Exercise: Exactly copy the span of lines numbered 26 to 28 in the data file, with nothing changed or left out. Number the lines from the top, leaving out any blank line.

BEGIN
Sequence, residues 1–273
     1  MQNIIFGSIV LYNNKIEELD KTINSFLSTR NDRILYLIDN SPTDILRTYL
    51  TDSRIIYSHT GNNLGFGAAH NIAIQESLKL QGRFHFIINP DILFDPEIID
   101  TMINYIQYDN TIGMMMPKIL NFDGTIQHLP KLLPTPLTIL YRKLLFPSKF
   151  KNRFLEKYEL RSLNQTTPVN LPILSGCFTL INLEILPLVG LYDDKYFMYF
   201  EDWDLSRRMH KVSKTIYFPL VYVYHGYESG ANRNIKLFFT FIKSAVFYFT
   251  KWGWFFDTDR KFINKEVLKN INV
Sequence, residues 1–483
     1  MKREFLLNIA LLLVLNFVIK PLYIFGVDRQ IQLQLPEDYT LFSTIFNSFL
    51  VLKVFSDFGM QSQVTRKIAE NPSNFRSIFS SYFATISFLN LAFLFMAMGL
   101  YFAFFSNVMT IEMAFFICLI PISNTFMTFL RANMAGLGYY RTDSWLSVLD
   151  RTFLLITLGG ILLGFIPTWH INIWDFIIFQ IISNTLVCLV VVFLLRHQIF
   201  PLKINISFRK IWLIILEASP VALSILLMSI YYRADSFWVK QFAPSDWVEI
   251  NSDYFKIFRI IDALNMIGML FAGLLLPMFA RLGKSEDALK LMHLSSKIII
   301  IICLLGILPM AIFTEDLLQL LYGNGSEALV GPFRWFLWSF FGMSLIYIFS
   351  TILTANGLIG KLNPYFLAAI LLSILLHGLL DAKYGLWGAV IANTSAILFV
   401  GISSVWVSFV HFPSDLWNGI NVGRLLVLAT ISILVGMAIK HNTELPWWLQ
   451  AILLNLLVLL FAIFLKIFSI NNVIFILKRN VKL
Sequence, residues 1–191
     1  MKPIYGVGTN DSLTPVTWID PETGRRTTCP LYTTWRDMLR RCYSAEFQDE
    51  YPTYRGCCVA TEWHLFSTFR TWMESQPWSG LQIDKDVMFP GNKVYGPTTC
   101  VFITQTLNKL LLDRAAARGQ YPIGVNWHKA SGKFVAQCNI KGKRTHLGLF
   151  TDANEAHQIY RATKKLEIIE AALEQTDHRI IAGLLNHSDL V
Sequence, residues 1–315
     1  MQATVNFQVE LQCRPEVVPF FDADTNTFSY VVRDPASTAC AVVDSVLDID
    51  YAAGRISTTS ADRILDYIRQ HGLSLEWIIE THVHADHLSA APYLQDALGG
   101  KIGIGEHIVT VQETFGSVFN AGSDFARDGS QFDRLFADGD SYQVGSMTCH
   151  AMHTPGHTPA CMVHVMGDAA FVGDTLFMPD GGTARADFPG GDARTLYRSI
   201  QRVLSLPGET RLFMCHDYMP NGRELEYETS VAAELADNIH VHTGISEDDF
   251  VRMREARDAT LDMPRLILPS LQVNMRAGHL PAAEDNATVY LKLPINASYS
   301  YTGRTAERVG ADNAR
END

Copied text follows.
    51  YAAGRISTTS ADRILDYIRQ HGLSLEWIIE THVHADHLSA APYLQDALGG
   101  KIGIGEHIVT VQETFGSVFN AGSDFARDGS QFDRLFADGD SYQVGSMTCH
   151  AMHTPGHTPA CMVHVMGDAA FVGDTLFMPD GGTARADFPG GDARTLYRSI